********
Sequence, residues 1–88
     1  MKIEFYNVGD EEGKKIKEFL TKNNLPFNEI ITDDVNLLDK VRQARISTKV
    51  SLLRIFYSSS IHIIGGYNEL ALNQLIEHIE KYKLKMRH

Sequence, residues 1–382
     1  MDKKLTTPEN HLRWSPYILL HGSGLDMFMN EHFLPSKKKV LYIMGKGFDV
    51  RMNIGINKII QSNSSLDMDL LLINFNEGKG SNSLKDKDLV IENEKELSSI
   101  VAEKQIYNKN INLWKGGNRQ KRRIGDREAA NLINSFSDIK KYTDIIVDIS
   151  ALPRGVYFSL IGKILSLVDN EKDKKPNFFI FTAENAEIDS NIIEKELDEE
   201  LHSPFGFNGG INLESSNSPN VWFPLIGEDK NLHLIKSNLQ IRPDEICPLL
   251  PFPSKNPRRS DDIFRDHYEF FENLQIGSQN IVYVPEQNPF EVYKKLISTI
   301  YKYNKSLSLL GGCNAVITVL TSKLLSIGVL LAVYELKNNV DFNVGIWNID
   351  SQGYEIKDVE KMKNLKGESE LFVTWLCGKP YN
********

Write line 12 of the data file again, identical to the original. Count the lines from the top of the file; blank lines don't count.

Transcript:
   351  SQGYEIKDVE KMKNLKGESE LFVTWLCGKP YN